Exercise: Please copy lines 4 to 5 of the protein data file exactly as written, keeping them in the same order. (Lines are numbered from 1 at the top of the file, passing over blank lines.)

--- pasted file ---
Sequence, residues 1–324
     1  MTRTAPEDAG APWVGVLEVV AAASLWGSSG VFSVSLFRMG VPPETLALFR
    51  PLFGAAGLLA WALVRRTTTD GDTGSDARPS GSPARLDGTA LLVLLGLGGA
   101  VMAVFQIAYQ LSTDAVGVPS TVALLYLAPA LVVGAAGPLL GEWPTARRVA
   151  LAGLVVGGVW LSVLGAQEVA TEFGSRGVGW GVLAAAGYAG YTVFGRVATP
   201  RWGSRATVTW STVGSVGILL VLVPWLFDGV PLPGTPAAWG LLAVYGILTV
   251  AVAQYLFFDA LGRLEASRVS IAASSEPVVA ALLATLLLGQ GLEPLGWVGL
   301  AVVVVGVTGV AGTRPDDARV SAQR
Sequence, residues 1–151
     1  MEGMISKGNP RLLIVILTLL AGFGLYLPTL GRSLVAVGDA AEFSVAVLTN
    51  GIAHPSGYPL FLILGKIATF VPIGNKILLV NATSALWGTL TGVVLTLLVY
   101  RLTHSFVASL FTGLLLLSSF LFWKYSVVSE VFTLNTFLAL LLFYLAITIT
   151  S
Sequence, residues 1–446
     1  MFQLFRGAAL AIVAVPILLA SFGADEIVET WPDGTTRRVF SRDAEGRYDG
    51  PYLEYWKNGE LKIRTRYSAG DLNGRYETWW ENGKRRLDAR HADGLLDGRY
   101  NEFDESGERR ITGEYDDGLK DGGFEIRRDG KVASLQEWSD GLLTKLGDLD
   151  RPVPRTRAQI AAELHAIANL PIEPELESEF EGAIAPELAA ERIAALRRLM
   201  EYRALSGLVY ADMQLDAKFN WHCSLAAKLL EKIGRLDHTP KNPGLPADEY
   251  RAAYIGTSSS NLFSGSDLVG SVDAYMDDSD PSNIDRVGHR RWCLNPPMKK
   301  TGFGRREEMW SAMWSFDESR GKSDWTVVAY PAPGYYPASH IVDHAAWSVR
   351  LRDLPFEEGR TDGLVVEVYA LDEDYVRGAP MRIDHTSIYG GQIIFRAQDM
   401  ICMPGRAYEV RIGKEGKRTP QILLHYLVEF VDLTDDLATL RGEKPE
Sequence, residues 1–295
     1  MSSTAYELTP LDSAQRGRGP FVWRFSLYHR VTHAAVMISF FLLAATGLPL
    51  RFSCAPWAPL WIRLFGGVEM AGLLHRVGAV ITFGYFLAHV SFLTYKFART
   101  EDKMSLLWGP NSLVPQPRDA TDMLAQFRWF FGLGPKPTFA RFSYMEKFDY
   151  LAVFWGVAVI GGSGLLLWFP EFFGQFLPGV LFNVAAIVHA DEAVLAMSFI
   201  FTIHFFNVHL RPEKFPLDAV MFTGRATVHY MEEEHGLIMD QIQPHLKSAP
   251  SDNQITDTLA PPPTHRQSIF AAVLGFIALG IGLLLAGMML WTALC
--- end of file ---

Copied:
   101  VMAVFQIAYQ LSTDAVGVPS TVALLYLAPA LVVGAAGPLL GEWPTARRVA
   151  LAGLVVGGVW LSVLGAQEVA TEFGSRGVGW GVLAAAGYAG YTVFGRVATP